Understanding rare exceptions to the 6 month seroconversion window
Dear Doctors: Having followed discussion on this forum for some time, it appears
that there are a large number of people who are concerned about exceptions to the
general 6-month seroconversion window period. You have done a wonderful job of trying
to balance the reality that almost everyone who is infected
will test positive by 6 months with the possibility that some persons--probably quite
small in number, if not infintesimal relative to the former group--may take longer than
6 months. I am wondering if one way to lend further clarity to this issue and to ease
people's minds is to provide any information about the reasons why some people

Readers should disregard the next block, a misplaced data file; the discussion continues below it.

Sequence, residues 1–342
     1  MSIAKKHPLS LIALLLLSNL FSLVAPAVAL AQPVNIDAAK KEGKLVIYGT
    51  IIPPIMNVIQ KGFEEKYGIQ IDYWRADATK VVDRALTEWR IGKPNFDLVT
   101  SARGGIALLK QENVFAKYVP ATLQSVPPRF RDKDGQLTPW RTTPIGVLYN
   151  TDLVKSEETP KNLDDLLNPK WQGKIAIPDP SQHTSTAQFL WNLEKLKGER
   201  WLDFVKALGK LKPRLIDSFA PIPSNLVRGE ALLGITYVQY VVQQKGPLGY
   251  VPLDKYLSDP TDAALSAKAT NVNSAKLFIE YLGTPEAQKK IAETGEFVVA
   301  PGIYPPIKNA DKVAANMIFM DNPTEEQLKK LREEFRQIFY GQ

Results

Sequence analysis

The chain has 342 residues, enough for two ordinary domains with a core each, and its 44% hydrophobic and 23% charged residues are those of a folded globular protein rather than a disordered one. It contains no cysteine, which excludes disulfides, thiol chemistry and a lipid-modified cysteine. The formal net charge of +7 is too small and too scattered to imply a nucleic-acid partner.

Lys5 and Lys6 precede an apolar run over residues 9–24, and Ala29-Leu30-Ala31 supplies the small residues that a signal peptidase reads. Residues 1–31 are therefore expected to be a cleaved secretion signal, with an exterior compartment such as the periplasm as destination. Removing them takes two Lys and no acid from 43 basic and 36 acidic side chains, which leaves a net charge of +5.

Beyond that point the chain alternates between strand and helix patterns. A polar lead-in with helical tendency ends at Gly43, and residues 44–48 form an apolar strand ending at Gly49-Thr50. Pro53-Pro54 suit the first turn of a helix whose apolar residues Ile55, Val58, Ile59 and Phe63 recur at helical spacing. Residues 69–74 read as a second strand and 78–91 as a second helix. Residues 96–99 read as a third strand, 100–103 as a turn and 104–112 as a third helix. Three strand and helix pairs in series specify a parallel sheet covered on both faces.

do in fact take longer than 6 months. For example, I have heard/read that most documented
cases in which people took longer than 6 months involved instances in which other factors were
also at work: impaired immune systems due to chemotherapy; aggamaglobulinemia; prolonged
IV drug use; etc... Do you have any information from the literature or from your own clinical
experience that speaks to this issue?
Dear Six Month Window questioner,
You are right, it is the odd case that takes longer than 6 months following exposure to "seroconvert" or have their HIV antibody test turn positive. It usually is because there is some other reason why the person can't make the antibody, like chemotherapy, steroid use, drugs, but in some cases (extremely rare), that is just the way it is. If you factor in the overall relatively low risk that some of the people that worry about this have, then couple that with the very small chance of being infected with a negative test at 6 months, the overall risk is so low, it is impossible to calculate.